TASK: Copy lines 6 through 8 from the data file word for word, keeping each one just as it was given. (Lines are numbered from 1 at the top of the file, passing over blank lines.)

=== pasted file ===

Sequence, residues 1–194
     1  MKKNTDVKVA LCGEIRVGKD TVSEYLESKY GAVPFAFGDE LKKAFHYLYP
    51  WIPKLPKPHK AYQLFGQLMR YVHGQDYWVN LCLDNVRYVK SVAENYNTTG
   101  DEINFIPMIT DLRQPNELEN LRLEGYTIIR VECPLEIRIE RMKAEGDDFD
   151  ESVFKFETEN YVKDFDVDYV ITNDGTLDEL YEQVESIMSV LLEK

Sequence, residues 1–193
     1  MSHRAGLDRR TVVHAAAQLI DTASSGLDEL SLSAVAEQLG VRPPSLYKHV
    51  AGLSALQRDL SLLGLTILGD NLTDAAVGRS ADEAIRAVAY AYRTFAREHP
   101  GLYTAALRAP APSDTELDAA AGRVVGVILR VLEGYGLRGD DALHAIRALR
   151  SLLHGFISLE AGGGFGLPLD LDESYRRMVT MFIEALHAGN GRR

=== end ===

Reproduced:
Sequence, residues 1–193
     1  MSHRAGLDRR TVVHAAAQLI DTASSGLDEL SLSAVAEQLG VRPPSLYKHV
    51  AGLSALQRDL SLLGLTILGD NLTDAAVGRS ADEAIRAVAY AYRTFAREHP